Use Less Stuff: An Interview With Sustainability Expert Bob Lilienfeld

By Mary Silver, Epoch Times
November 20, 2014 7:09 pm Last Updated: November 21, 2014 4:17 pm

Use Less Stuff Day is celebrated in America on the Thursday before Thanksgiving. As the holidays can mark a peak of consumerism and waste, ULS offers a way to enjoy the period in a more sustainable way.

Environmentalist, author, commentator, and photographer Bob Lilienfeld started the observance. Here is an interview with him.

Epoch Times: Why did you start Use Less Stuff Day?

Bob Lilienfeld: Americans throw away 25 percent more stuff per week between Thanksgiving and New Year’s Day. Use Less Stuff Day was created to alert people to this incremental 5 million tons of waste, and help them learn how to reduce it.

Epoch Times: Tell us more about the Sustainable Products Certification Program.

Mr. Lilienfeld: We want to help businesses and other organizations promote products that have undergone significant decreases in material usage or energy consumption. If at least a 10 percent reduction versus similar or previous products can be proven, we allow the products to feature the ULS logo for a two-year period. The cost to do so is minimal. We charge only our time to certify and announce the claim. There is no ongoing royalty fee.

Bob Lilienfeld, editor, The ULS Report (Courtesy Bob Lilienfeld)
Bob Lilienfeld, editor, The ULS Report. (Courtesy of Bob Lilienfeld)

Epoch Times: Sometimes I hear contradictory things about the greenness or lack of greenness of things such as cloth versus disposable diapers and paper versus plastic bags. How can a regular person cut through the mass of information?

Mr. Lilienfeld: There is a great deal of scientific evidence that generally supports lighter weight products and packages, regardless of the material used. In many cases, this means that from a larger lifecycle perspective, plastics produce the least amount of waste in terms of materials used, energy consumed, and greenhouse gases that are generated. So, consumers should simply focus on being moderate in terms of the amount of materials and energy they use. If they think about saving time and money, they will save natural resources as well.

Epoch Times: I’ve read that solving environmental problems needs concerted, governmental/corporate efforts, and that emphasizing individual things like home recycling is too small. What do you think?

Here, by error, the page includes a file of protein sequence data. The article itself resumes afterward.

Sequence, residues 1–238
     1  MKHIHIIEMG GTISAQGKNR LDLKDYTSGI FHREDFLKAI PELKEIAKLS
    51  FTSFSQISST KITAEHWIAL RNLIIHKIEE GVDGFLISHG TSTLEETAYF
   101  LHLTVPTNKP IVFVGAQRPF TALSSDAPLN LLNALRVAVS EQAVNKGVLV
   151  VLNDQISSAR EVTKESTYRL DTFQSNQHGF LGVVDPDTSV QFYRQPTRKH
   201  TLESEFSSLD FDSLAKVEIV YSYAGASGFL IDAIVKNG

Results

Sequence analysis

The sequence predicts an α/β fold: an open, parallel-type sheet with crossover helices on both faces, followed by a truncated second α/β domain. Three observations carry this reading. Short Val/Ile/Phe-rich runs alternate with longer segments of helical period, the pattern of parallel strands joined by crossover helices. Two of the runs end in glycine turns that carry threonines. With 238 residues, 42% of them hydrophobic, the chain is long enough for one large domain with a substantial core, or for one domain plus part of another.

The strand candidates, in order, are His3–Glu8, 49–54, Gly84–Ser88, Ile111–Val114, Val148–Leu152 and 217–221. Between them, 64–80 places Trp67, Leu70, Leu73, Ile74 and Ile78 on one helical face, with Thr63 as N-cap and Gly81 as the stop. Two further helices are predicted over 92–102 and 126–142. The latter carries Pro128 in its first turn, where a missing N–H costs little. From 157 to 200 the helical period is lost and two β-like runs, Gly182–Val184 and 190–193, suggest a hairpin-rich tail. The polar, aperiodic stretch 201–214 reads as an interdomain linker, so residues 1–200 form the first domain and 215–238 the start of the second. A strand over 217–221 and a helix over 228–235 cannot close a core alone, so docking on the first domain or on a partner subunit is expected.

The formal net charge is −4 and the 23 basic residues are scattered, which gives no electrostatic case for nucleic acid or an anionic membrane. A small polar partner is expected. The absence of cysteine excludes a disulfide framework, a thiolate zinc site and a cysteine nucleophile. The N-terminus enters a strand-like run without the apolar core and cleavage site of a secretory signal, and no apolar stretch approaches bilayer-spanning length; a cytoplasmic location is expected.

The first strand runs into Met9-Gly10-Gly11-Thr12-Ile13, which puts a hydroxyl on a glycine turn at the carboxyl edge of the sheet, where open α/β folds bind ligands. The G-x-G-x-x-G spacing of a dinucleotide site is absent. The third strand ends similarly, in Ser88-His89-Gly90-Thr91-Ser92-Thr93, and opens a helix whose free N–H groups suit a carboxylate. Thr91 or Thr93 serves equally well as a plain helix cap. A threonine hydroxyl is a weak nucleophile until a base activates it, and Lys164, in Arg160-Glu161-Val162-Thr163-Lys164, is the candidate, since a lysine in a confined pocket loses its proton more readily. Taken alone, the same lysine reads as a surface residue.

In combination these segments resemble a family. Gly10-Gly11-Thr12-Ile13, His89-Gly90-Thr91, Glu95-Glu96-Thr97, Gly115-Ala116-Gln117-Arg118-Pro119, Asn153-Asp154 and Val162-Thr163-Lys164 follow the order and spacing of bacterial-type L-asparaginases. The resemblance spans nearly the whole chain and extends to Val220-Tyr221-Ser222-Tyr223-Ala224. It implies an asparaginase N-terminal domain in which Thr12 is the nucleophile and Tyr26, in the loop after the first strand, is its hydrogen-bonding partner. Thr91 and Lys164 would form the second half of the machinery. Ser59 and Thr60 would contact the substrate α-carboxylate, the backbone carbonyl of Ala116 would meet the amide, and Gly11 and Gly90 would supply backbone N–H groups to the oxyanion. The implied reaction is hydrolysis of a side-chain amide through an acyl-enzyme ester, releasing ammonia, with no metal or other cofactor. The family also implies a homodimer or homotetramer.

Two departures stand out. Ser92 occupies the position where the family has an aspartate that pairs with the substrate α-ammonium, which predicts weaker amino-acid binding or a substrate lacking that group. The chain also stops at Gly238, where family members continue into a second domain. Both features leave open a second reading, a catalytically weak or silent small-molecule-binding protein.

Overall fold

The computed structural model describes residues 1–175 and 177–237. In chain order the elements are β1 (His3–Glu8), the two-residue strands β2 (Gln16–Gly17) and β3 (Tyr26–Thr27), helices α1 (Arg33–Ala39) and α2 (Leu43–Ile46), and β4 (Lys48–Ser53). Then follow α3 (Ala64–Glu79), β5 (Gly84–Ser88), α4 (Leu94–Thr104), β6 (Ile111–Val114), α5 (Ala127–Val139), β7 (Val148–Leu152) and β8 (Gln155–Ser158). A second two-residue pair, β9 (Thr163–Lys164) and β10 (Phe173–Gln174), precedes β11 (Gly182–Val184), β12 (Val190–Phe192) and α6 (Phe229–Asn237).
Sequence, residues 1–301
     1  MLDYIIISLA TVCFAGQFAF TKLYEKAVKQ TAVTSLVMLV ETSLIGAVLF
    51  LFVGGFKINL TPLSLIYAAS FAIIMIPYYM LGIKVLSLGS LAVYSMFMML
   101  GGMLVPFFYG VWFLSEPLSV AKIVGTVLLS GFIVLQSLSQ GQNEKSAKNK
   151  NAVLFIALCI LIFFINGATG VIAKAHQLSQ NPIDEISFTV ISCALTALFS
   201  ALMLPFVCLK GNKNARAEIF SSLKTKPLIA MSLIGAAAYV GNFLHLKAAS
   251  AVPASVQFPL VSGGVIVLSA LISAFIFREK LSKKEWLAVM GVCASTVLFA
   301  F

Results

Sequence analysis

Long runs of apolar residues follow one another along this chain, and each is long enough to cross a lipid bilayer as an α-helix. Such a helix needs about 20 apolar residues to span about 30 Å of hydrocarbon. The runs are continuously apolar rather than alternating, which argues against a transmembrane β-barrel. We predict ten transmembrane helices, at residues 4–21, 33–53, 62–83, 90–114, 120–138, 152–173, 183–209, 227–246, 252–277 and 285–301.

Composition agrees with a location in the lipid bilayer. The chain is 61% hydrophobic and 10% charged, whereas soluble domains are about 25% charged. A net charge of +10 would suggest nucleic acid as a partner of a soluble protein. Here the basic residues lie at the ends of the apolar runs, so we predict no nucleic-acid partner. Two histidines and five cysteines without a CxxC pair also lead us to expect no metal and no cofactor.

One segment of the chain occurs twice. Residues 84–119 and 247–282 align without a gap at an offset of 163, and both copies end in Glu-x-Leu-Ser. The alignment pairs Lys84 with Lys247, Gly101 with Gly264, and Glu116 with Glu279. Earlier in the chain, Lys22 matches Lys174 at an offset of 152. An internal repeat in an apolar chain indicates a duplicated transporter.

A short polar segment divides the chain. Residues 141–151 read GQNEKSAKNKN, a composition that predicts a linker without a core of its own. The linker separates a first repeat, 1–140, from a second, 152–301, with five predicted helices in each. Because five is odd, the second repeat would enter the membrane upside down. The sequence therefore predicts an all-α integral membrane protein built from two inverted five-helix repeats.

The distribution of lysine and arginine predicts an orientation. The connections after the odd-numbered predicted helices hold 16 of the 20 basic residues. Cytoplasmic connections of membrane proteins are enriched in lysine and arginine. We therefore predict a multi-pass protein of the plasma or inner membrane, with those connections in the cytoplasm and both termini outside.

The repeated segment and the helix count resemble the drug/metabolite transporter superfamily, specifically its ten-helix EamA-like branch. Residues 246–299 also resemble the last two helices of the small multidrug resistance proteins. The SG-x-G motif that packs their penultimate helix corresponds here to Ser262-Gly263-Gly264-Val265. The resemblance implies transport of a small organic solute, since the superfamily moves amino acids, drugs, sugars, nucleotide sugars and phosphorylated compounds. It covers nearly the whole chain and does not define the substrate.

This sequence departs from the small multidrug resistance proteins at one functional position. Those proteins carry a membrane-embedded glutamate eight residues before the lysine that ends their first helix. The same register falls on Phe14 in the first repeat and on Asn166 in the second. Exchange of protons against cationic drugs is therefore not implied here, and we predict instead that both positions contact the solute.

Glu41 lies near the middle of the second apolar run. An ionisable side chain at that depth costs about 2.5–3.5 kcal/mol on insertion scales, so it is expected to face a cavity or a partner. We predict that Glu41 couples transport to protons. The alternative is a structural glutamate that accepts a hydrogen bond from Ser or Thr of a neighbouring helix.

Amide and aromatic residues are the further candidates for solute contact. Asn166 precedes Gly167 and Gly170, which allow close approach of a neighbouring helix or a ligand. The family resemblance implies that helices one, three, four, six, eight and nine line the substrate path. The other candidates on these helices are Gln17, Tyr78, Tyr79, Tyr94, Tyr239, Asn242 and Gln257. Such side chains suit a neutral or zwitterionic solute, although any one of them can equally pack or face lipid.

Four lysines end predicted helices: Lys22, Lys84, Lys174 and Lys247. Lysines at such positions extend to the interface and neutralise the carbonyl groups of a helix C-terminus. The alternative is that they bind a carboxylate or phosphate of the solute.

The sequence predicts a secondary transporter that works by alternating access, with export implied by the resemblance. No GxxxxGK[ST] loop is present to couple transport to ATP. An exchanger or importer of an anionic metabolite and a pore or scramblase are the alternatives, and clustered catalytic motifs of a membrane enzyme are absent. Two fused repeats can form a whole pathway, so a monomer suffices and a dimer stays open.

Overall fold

Mr. Lilienfeld: There is no question that by itself, home recycling is not going to solve the big environmental issues such as greenhouse gas production, loss of biodiversity, and deforestation. In fact, there is a danger that by simply putting their trash in the recycling bin rather than the trash bin, people inadvertently reward themselves for consuming! 

Frankly, consumption is the real environmental problem, and its key causes are global population growth and increasing affluence. Governments and industries must work together to ensure a sustainable quality of life while continually innovating to help people do more with less.

Epoch Times: Anything else people should think about or do to use less stuff?

Mr. Lilienfeld: It’s holiday time. Think about your own childhood memories and you’ll realize that they were experiential, not material. Give gifts that provide lasting experiences: tickets to sporting or cultural events, trips to local theaters or museums, and even restaurant gift cards. No material goods, wrapping paper, or ribbons are needed. The gift receiver will enjoy the gift today, and will also remember it for years to come.

Epoch Times: Thank you so much for being willing to do an email interview. We like to highlight green living and sustainable practices.

Bob Lilienfeld is editor of “The ULS Report,” a newsletter aimed at spreading the benefits of source reduction (ULS means Use Less Stuff). He and co-author Dr. William L. Rathje of the University of Arizona, wrote “Use Less Stuff: Environmental Solutions for Who We Really Are.” He served on the Corporate Environmental Management Program Advisory Board at the University of Michigan Business School, and the Sustainable Enterprise Institute Advisory Board at the University of North Carolina’s Kenan-Flagler School of Business.